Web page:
TEA News Releases Online
Jan. 14, 2010
Statement from commissioner on Race to the Top decision
On Jan. 13, Gov. Rick Perry announced that Texas would not submit an application for the federal Race to the Top grant. Below is a transcript of the remarks delivered by Commissioner of Education Robert Scott during a Houston press conference in which this announcement was made.
"Thank you, Governor.
I have got to say first off that I’ve been waiting for this day for a very long time, and that is the day that Texas educators finally say enough is enough. We’ve had enough. We’ve had enough top down management. We’ve had enough bureaucratic speak and dictating what’s going on in our schools.
I have to tell you that when I first heard about Race to the Top, I was encouraged. There were some promising reform ideas articulated in the very beginning: things that we are already doing in Texas, like trying to turn around our lowest performing schools, trying to make sure that every classroom has the best and most effective teacher, and using data systems to make good decisions. And that was really encouraging. Even when they came up with the national standards, they were originally billed as voluntary.
And then, we got this. This is the application and the guidance for this grant program for the Race to the Top. And contained within this are provisions and assurances that even after the money runs out, districts would still be required to adhere to the things that the federal government wants them to do.
Now they put out this dollar amount of $4.3 billion dollars, and that’s a lot of taxpayers’ money. The share that Texas would be eligible for sounds like a lot of money – up to $700 million dollars. But when you put that in context of a state the size of Texas, that amount of money would operate the Texas public school system for two days - two days out of a 180 day school year. And instead, they would essentially own the process not just for the remainder of the school year, but in perpetuity under these national standards.
And the Governor is absolutely right – federal law prohibits many of the things they’re requiring in this grant application, including, I might add, the creation of a nationwide student identifiable database with information about every child across the country collected and disseminated up to Washington D.C. No Child Left Behind prohibits that. That is where they are taking this application.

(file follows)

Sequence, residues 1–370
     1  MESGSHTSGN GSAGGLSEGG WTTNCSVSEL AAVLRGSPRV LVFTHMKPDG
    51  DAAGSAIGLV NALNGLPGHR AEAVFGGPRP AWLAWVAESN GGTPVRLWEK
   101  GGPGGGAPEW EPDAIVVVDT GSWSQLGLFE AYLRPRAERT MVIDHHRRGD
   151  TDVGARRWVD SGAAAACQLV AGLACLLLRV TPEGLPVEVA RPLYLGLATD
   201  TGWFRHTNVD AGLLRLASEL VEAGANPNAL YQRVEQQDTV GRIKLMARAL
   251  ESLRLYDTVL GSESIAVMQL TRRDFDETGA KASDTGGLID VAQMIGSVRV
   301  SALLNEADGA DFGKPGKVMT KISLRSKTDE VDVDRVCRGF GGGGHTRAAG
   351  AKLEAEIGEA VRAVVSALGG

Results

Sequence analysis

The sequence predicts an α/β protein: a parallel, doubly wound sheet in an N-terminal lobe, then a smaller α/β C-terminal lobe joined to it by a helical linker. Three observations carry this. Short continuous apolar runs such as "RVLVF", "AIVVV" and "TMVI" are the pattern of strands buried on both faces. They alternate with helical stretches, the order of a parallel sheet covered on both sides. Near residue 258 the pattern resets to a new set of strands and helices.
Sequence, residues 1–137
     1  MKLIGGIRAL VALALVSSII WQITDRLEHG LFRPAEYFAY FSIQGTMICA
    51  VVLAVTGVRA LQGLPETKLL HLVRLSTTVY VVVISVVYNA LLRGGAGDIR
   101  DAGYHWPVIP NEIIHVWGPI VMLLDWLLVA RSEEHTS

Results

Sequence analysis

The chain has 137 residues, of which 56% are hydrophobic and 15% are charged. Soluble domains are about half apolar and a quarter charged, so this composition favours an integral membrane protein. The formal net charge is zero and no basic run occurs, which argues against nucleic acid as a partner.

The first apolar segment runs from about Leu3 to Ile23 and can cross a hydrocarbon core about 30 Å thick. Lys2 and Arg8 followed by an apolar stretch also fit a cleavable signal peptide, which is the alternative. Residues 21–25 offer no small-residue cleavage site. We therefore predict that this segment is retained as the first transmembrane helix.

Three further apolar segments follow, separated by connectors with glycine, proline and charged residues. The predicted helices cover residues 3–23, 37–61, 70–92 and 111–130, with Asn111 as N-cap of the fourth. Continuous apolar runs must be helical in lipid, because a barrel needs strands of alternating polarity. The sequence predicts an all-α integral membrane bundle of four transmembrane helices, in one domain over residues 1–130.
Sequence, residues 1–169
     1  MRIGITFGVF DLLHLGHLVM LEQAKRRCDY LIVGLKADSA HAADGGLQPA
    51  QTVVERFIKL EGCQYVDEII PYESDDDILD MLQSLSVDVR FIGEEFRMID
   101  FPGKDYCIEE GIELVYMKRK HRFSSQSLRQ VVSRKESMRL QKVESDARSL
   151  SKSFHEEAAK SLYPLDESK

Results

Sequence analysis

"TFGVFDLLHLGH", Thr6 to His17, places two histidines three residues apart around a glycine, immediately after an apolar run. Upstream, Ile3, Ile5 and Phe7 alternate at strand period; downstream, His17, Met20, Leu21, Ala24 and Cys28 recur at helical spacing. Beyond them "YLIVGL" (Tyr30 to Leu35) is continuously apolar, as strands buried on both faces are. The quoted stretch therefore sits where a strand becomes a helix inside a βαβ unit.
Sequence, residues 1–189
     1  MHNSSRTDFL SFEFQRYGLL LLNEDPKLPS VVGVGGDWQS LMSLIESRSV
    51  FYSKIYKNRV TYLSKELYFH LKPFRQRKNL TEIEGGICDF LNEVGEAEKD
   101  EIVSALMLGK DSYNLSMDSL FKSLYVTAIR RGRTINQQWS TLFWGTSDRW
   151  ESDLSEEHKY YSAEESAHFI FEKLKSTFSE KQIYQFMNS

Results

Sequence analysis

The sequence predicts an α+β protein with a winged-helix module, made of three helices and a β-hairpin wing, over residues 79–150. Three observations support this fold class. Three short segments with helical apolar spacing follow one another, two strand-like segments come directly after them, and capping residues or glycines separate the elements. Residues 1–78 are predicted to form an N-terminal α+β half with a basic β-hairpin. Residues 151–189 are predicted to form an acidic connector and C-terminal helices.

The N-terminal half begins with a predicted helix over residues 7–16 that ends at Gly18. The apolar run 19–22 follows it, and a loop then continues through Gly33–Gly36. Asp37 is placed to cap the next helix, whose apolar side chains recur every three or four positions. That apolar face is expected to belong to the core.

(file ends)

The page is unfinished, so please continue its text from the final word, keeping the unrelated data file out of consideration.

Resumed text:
I would also point out that this process, unlike Texas process, does not begin with educators, teachers, and parents. Their process ends with a cursory review from the public. And I asked who owned this process: Is it the Council of Chief State School Officers? Is it the National Governors Association? Both of those entities are not subject to Open Records and Open Meetings Act, so the process by which these standards are being developed will never be known unless you actually happen to be invited to be in the room.
So I look at this, and I hark it back to some history lessons I learned, and I was thinking to myself, way back in antiquity, when they rolled that wooden horse up to the gate, someone inside the city said, “It’s probably not a great idea to bring that inside.” But they didn’t listen, and I’m glad and proud to stand up with Governor Perry because this grant application is essentially a Trojan horse, designed for us to take the money and then hand over our control.
I want to conclude by pointing out one thing. In Austin, Texas today, the State Board of Education is having a meeting, and there are over 130 Texans signed up and testifying on our state curriculum standards as we speak right now. If this were to be adopted, their voices are gone forever. Texans would not have a say in what these standards look like from here on out.
Thank you very much."